How to Repair Broken Doors on Workshop Cabinets
Broken doors on workshop cabinets can be a real bother especially if you are constantly opening and closing the doors during work. Several things can go wrong with cabinet doors, from the hinges to the wood of the door itself. To repair the broken doors, first you have to determine what is wrong. Only then can provide the right remedy for the problem. Loose hinges should be removed and refastened or replaced. You may also have to patch and re-drill the holes for the hinge screws. This how-to intends to show you the method for repairing a cabinet door that has cracked without having to replace the whole door.
Step 1: Remove Door from Cabinet
First, remove the cabinet door by removing the screws that hold the hinge onto the cabinet. Each door will likely have two hinges, each of which is secured with 2 to 4 screws. Unless the split in the door runs through where the hinge attaches to it, you can leave the hinges on the door. Make sure you set the screws that affix the door to the cabinet aside in a safe place so you do not lose them.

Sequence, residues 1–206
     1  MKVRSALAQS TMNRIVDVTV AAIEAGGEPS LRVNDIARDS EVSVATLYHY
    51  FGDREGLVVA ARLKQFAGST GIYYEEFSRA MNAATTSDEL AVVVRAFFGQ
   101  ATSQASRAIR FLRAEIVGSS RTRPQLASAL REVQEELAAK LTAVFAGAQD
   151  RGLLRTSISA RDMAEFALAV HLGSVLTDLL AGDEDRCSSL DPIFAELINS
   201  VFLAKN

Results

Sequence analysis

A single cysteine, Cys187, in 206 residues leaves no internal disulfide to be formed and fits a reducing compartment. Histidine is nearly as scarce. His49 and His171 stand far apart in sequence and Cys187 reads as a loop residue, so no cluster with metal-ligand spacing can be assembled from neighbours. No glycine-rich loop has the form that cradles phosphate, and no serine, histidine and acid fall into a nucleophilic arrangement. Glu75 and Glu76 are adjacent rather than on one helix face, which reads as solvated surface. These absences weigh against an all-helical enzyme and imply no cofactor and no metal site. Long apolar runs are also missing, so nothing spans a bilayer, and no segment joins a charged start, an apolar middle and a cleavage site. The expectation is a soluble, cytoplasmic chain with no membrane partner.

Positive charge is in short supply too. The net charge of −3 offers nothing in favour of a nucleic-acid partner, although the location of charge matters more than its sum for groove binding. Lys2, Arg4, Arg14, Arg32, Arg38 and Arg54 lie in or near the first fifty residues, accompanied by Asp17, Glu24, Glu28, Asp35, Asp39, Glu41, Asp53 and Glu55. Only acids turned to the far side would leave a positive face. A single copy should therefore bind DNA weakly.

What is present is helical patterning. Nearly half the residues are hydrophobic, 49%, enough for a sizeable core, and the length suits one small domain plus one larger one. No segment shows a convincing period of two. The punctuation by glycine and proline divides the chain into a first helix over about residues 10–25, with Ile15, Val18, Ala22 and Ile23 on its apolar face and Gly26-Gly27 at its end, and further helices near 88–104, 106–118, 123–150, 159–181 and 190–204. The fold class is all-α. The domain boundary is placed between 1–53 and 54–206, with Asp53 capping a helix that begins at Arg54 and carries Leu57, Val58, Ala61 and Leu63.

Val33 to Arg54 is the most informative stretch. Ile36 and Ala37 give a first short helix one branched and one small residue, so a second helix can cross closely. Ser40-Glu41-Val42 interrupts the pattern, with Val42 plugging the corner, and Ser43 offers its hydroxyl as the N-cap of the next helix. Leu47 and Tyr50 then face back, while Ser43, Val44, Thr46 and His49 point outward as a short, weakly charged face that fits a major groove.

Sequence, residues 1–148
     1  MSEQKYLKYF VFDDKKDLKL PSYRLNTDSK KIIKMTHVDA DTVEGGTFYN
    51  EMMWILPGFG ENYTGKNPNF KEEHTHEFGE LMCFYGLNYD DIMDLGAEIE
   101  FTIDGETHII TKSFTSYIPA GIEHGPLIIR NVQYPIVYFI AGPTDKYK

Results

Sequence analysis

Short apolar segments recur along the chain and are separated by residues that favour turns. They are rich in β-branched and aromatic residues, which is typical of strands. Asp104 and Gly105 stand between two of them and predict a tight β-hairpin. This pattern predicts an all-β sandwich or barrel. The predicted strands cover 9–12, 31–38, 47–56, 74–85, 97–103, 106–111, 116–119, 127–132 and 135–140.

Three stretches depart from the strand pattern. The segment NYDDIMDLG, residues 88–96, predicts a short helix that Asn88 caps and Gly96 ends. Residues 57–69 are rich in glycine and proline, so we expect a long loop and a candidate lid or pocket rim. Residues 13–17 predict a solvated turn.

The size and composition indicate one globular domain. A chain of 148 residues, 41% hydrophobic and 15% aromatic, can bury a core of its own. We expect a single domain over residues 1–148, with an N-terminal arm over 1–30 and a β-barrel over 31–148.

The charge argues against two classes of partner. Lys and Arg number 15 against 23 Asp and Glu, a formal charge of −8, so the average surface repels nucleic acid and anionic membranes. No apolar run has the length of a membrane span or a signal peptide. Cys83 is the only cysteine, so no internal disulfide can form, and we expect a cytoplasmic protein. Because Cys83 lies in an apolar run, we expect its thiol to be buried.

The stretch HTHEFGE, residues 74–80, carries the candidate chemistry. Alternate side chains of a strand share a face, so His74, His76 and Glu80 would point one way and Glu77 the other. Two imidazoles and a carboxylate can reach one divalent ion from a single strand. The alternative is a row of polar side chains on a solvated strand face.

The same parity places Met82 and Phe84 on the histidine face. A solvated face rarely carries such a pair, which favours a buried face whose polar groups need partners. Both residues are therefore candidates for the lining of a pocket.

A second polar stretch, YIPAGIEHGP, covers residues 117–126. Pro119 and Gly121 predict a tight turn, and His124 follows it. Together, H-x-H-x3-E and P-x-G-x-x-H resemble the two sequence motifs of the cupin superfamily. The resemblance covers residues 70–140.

Step 2: Repairing a Minor Split
Depending on the extent of the split in the wood, you may be able to apply wood putty and patch the split. On either side of the split, squeeze the wood together with your hands to see if the gap closes up with pressure. If it does not, the split is probably just topical. Scoop up some wood putty onto the tip of the putty knife and scrape it into the crack. Run the flat knife over the crack until the putty is level with wood. Fill in the entire crack in this way and let the material harden.
Step 3: Preparing to Repair a Deeper Split
If, however, the split is deep in the cabinet door and the gap closes up when you apply pressure to either side, wood glue may be in order. Open the wood clamp wide enough to hold the door either widthwise or lengthwise depending on the run of the split.
Step 4: Apply Wood Glue to the Split
Run a continuous bead of wood glue into the entire split of the cabinet door. You don’t need to squeeze in a huge amount, but be generous. You will wipe away the excess after clamping the wood.
Step 5: Attach the Clamp
Position the clamp so that it extends perpendicularly over the split. Tighten the ends until the split closes in on itself. A lot of wood glue will likely squeeze out onto the surface. Once the clamp is tight and the split is closed, wipe away all excess glue. You may have to use two or three identical clamps in order to keep the split closed uniformly across the split.
After the glue has dried, remove the clamps and check your work. You should have wiped away all excess glue right after clamping, but you may still have to do a little light sanding over the split to remove some residue.